Robb wanted to negotiate, yes, but Stannis and Renly were not listening because Robb made himself King and taken part of their Kingdom. This is exactly my point, Robb was better off staying a Lord, there was no downside. How was he to know about shadowbaby and Wildfire?

2 hours ago, RYShh said:

Also every region pays taxes to the crown, by being independent they would gain a big advantage in terms finance, so they could do it in the winter, as they did for thousands of years before.

We are in autumn and a lot of tax has already been paid since the last winter. You have just screwed up your last harvest of the cycle because you are stomping around the Riverlands and Westerlands playing King and your house words are "Winter is coming" and you want to become independent now, when the only time you need outside assistance is in Winter? Just wait for spring, you idiots. 

In hindsight, I'm not at all surprised George killed Robb off (I love the character btw! Just wished he'd married Alys Karstark, never got bethroted to the daughter or granddaughter of a glorified tollbooth operator, and all would have been well) to show us how the Game of Thrones is not played.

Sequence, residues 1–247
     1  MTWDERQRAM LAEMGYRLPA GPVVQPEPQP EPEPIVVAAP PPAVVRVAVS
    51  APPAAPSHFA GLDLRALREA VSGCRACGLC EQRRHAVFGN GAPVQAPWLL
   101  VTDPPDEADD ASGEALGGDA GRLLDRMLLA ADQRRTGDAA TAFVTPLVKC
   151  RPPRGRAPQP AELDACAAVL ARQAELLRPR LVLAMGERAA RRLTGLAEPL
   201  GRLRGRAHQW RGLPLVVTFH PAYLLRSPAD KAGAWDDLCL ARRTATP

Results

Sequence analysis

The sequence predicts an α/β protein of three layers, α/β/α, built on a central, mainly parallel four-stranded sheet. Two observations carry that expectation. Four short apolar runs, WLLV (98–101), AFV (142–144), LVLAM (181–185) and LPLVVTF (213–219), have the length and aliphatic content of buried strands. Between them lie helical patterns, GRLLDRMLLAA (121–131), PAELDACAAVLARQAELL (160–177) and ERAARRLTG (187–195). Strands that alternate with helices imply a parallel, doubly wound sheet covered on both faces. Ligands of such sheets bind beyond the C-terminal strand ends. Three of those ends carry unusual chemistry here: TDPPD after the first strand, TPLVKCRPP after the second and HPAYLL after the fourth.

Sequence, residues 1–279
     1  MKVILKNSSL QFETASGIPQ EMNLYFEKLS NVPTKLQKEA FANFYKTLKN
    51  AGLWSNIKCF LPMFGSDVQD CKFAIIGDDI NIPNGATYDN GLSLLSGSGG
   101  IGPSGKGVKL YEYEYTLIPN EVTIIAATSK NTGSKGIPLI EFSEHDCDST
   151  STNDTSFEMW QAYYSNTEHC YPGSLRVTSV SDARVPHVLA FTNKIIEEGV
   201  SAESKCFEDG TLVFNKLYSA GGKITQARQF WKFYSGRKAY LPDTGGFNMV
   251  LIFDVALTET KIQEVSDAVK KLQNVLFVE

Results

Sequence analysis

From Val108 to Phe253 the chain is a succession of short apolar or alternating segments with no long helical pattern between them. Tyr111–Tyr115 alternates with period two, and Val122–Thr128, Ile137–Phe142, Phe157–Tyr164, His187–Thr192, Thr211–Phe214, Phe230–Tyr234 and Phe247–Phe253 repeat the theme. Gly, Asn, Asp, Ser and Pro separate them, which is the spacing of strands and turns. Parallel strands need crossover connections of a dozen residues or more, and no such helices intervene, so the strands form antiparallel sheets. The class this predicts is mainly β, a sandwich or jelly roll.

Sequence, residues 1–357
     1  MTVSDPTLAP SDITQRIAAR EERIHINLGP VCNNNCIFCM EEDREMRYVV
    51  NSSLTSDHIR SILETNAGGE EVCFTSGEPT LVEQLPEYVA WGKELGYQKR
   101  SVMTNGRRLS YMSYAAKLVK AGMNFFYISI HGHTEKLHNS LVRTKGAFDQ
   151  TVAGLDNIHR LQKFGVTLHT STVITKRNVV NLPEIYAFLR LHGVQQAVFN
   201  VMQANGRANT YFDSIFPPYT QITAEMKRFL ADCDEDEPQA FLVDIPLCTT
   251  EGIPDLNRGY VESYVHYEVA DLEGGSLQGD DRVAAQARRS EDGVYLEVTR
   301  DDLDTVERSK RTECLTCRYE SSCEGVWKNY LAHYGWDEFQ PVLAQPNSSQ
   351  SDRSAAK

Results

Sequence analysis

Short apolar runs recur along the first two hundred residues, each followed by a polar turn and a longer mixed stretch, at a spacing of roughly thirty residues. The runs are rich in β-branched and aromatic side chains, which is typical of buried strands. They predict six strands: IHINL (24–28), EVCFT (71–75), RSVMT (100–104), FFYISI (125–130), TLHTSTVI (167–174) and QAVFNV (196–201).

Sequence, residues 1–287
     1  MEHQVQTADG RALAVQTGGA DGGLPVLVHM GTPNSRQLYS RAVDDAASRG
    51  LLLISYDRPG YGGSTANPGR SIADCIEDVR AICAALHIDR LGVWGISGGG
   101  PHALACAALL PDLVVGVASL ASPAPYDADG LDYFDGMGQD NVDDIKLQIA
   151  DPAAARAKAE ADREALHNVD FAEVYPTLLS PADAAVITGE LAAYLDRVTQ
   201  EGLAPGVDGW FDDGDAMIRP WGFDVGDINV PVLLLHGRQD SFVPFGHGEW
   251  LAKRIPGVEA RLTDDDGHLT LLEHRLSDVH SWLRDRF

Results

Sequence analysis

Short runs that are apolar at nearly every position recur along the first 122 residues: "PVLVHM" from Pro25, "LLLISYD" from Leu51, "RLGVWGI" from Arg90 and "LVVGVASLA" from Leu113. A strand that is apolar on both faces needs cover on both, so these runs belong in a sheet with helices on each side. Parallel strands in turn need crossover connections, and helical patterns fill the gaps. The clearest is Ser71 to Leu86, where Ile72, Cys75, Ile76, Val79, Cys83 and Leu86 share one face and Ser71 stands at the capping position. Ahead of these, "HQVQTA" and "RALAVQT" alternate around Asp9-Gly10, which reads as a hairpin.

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4 hours ago, Light a wight tonight said:

It reads as if you have some need for things to follow your worldview. Obviously GRRM has his own and has written the books in accordance with that. 

Try looking at it this way: this is a work of fantasy, and fantasy calls for a "willing suspension of disbelief". Suspend your disbelief in a world without religious or ethnic strife and just enjoy the story.

 

Its not a worldview, these things happened centuries ago. It’s important to understand how you go from burning witches at the stake and the horror of the 30 years war to genuine religious tolerance. This is an incredibly recent phenomena and it’s worth understanding.

I can recall a behind the scenes for goT season 2 where George talks about wanting to ground the Ironborn faith in the real world and how important faith was to a medieval mind. So, he’s not just writing a fantasy series. In Age of Sigmar you can hand wave a lot of that. But Ice and Fire has built itself on being grounded in realism. That’s an appreciable quality of the series. So when it fails to that it’s jarring in a way that it wouldn’t for something like the Elder Scrolls.

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There are different historical models that might apply for the co-existence of the New Gods and the Old Gods in ASOIAF.